Awareness has grown of the intimate link between climate change and migration in past years but it remains a complex and contentious issue. In a debate fanned by the media and populist politicians, University of Liège researcher Caroline Zickgraf separates myth from reality. Explaining how our changing environment is making people move, she calls for evidence-based preparation rather than fear-based reactions and crisis responses. As climate change escalates, such understanding is a first step on the way to a much-needed political response.
The global impacts of climate change threaten to reshape the world in a dramatic fashion. From sea level rise, coastal erosion, land degradation, droughts, floods, and temperature increase to intensifying and more frequent storms, any number of detrimental impacts caused by a rapidly warming planet fundamentally changes how and where we live. Sudden-onset events and slow-onset processes combine to damage and destroy homes and assets, decrease crop productivity and biodiversity, forcing people from their lands and livelihoods. While some people are forced to flee in a rapid fashion, others move preemptively or in response to the gradual changes that make living – and earning – in situ ever more difficult, forming a complex spectrum of human mobility related to climate change.
This article intentionally takes a rather wide view of this spectrum, in order to tackle some of the most common questions about how migration and climate change collide – and what should be done about it.
What do we call them?
Discussions on the relationship between migration and climate change often falter at the first step: people do not agree on what to label it and who qualifies for such labeling. In the initial days of raising awareness of the issue, environmental activists and organisations likened the plight to that of conflict asylum seekers and refugees, birthing the terms ‘environmental’ or ‘climate refugees’. In 1985, the first official mention of ‘environmental refugees’ appeared in a UN Environmental Programme report. Undoubtedly, this naming brought with it an urgency in tone ideal for calling attention to a nascent issue (not in occurrence but in visibility). Rather quickly, however, refugee and forced migration (especially legal) experts piped in: simply put, these people are not refugees. The 1951 Geneva Convention Relating to the Status of Refugees makes no mention of environmental disruption or climate change. It is a misnomer but also, many argued, dilutes the meaning of refugee. In 1997, Gaim Kibreab, a refugee studies scholar, stated that the term served to ‘depoliticise the causes of displacement’ so that states would not be obliged to provide asylum.1 Others argued that ‘climate refugee’ diminishes the agency of people and also that it obfuscates the multi-causality of migration, i.e. it is never ‘just’ climate change. Climate change is a threat multiplier; it cannot be isolated from social, political, economic, environmental and demographic migration drivers. Lastly, it places a singular label on an extremely diverse phenomenon.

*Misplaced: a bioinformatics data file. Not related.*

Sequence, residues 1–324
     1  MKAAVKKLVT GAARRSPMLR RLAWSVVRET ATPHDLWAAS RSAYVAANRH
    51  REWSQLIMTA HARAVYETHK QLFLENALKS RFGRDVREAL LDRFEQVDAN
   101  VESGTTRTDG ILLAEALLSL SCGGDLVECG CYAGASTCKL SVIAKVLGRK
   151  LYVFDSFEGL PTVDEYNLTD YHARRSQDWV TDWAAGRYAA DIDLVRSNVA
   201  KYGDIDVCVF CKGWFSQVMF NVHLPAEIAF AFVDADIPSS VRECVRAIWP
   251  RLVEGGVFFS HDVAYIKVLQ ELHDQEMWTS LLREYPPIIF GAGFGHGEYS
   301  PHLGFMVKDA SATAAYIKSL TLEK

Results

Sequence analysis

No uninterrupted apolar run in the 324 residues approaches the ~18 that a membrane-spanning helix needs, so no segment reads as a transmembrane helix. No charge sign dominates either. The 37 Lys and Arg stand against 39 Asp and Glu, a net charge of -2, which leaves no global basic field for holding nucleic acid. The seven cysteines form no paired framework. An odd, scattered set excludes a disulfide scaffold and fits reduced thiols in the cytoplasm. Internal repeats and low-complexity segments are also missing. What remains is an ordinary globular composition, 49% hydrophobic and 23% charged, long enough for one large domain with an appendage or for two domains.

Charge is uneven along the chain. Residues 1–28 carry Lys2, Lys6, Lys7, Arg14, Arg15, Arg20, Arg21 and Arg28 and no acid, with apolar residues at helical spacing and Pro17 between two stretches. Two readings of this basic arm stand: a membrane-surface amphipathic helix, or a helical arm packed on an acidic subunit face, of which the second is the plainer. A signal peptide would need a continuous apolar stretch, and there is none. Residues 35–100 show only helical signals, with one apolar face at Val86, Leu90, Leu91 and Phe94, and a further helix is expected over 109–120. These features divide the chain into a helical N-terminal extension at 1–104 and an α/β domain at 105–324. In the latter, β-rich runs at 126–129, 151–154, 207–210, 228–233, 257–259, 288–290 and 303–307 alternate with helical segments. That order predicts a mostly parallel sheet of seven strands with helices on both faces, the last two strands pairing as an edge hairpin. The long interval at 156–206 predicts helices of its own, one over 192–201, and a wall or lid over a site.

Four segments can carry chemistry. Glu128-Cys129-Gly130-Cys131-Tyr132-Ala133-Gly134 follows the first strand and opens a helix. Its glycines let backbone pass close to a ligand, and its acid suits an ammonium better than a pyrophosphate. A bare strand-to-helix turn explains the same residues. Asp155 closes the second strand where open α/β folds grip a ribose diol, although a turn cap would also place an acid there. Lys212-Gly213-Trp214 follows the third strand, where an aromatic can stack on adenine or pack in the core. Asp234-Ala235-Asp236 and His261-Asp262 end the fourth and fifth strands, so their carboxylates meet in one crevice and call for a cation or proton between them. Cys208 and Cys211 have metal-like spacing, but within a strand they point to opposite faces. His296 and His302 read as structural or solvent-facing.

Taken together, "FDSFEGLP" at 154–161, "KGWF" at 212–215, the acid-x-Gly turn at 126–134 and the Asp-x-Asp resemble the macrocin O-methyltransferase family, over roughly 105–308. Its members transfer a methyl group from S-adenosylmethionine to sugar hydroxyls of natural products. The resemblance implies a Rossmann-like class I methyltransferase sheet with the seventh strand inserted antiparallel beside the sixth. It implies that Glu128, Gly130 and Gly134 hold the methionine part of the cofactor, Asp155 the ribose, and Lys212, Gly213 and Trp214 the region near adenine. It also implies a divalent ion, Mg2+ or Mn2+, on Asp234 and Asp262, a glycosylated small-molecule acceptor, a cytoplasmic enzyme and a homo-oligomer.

A back-and-forth ensued and many became gun-shy to use the highly contested ‘climate refugee’. They instead came up with a host of more nuanced, but also diluted, terms (e.g. migration in contexts of environmental change) or specific terms that steered clear of the refugee label (e.g. climate migrants, climate displaced persons, disaster displaced). Several international organisations, NGOs, advocacy groups, and activists plowed on with climate refugee, either unaware of the emerging scientific taboo and/or because they thought the forced nature of movement warranted the refugee label and underscored its humanitarian implications.
So where do we stand today? The short, but admittedly unsatisfying, response is that we have yet to reach any consensus in name or definition. Academics, politicians, activists, and other actors employ many labels, sometimes interchangeably, but there is still a taboo around using climate refugee. This goes hand-in-hand with the fact that there is no consensual definition. In 2007 the International Organization for Migration put forth a rather broad suggestion to cover a range of relationships between environment and migration,2 but that has never been universally adopted. Many a roundtable and panel are convened to rehash these debates, but faced with growing terminological fatigue, many actors now argue that political and humanitarian action do not require a single, agreed upon name or definition. Action is more important than words.